O'Reilly logo

Brand Bible by Debbie Millman

Stay ahead with the world's most comprehensive technology and business learning platform.

With Safari, you learn the way you learn best. Get unlimited access to videos, live online training, learning paths, books, tutorials, and more.

Start Free Trial

No credit card required

(RAY)
F39 Job:09-26878 Title:RP-Brand Bible
10-C65031 #175 Dtp:204 Page:260
001-297_C65031.indd 260
10/24/11 7:24 PM
BRAND BIBLE260
(Text)



We provide the insights and inspiration so that we
and our clients can understand everything that a
brand is in its current state and everything that it
can become through design. We seek to understand
the role that design plays in the relationship that a
consumer has with a brand today and in the future.
Design Intelligence helps set the course for design,
but our process is not purely analytical. Its equally
inuenced by consumer insights and our own power
to imagine. Our process would be entirely ineectual
if it involved a bunch of strategists sitting in a room
25
How to Brand
a Beverage

Mike Bainbridge
Executive Vice
President,
Sterling Brands
Finding the essential
in packaging for
Tropicana
(RAY)
F39 Job:09-26878 Title:RP-Brand Bible
10-C65031 #175 Dtp:204 Page:260
001-297_C65031.indd 260
10/24/11 7:25 PM
F39 Job:09-26878 Title:RP-Brand Bible
#175 Dtp:204 Page:261
(RAY)
001-320_26878.indd 261 10/7/11 1:11 PM
(Text)

Tropic-Ana, an early
Tropicana character
coming up with ideas and then hoping a designer
could interpret them. When those two sides work
to weave together imagination and design from the
outset, we get something truly special.



At one time, Tropicana was the orange juice industry
leader. They had essentially created the not-from-
concentrate category, and they owned that space
as the premium brand for many years. Over time,
several other brands became competitive, and Tropi-
cana was no longer the only not-from-concentrate
option on the shelf. We were asked to help the brand
reclaim the superiority of its agship product: Pure
Premium orange juice. Tropicana needed to reassert
itself as the industry leader.

The project of “reclaiming superiority” presents
the problem in very theoretical terms. That charge,
alone, is not inspirational enough or directional
enough to be solved through design. The rst task
of Design Intelligence was to distill that somewhat
vague notion into something that could be addressed
through design.
We spent the rst few weeks identifying problems
and suggesting themes that could be used for poten-
tial solutions. We then developed some concepts
that focused on the feel of the brand. One theme
was centered [on] the idea that drinking orange
juice in the morning is a very grounding and peace-
ful moment—but the outcome is very energizing.
Another concept was structured as a celebration of
the products “goodness.”
This project allowed us to do some early research to
nd out from consumers where Tropicana’s brand
equity lies today, and where it could be taken in
the future. Quantitative research ndings told the
Tropicana leadership that the brands name recogni-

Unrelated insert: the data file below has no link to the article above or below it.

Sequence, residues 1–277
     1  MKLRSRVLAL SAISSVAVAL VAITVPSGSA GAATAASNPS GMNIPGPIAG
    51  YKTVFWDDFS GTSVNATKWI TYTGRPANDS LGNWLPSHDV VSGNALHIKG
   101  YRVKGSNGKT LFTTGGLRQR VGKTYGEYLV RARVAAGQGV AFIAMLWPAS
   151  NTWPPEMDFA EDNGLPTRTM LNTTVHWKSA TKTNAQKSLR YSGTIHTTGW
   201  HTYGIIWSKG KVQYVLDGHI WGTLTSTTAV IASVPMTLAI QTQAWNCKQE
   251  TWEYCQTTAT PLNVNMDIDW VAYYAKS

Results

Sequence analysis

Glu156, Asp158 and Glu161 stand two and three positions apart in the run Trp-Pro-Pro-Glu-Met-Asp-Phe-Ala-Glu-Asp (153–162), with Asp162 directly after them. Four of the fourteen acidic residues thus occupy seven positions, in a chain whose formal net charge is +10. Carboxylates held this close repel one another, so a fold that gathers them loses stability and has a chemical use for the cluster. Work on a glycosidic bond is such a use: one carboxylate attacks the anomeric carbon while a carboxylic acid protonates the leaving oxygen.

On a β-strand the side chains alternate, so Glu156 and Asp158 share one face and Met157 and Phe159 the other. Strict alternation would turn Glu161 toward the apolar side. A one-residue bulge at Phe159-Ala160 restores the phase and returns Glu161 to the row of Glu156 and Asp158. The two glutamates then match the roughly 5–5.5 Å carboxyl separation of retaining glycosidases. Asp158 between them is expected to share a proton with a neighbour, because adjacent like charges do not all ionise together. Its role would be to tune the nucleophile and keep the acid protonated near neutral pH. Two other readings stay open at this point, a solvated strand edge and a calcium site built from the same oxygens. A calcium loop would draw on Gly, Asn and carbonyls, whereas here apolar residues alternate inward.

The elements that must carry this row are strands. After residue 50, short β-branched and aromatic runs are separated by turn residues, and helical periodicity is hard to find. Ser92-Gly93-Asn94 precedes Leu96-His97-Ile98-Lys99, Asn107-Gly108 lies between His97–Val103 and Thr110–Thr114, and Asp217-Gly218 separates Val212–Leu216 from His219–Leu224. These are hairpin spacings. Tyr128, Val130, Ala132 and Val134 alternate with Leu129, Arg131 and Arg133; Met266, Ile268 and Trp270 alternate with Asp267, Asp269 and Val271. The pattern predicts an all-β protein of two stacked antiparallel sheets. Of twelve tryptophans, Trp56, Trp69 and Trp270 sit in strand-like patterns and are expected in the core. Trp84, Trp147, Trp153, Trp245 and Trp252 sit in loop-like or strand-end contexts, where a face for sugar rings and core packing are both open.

tion was extremely solid. We also learned that though
consumers’ anity for the product was strong, it
showed signs of erosion. Its important to remember
that if brands aren’t communicating their message,
they’re positioned in the market either by what other
people say or by what the brands don’t say. Even
though Tropicana’s leadership believed wholeheart-
edly that their product was better than any other, it
became apparent that they hadn’t devoted the time
and resources to remind consumers of that.
We conducted qualitative research—which has its
pitfalls—to nd out what aspects of the brand reso-
nated most strongly with consumers. Through a rst
phase of research, we found that the brand’s straw-
in-orange icon had a strong resonance in consumers
minds, even if they didn’t identify it with Tropicana.
But when consumers were asked to connect symbols
with specic brands, we found that the straw-in-or-
ange icon was very much associated with Tropicana.
In fact, that symbol was the essence of Tropicana: a
premium product that tasted exactly like what juicy
oranges should taste like. It was very apparent that
this was the quintessential visual representation of
the Tropicana brand.

We learned that Tropicana had two major problems.
First, it was impossible for the brand to claim supe-
riority when it looked like everyone else. And second,
it had become increasingly dicult to distinguish its
product in stores.
261
F39 Job:09-26878 Title:RP-Brand Bible
#175 Dtp:204 Page:261
(RAY)
001-320_26878.indd 261
10/7/11 10:09 AM
F39 Job:09-26878 Title:RP-Brand Bible
#175 Dtp:204 Page:262
(RAY)
001-320_26878.indd 262 10/7/11 10:32 AM
(Text)
BRAND BIBLE
Tropicana is a
case study of how
to evolve a brand
responsibly.
In these types
of projects, our
fundamental
challenge is to
keep the integ-
rity of the brand
intact, but also
spur its progress
in a way that’s
respectful to
the relationship
with the brands
consumer.
Tropicana’s straw-in-
orange trademark
F39 Job:09-26878 Title:RP-Brand Bible
#175 Dtp:204 Page:262
(RAY)
001-320_26878.indd 262
10/7/11 10:09 AM

With Safari, you learn the way you learn best. Get unlimited access to videos, live online training, learning paths, books, interactive tutorials, and more.

Start Free Trial

No credit card required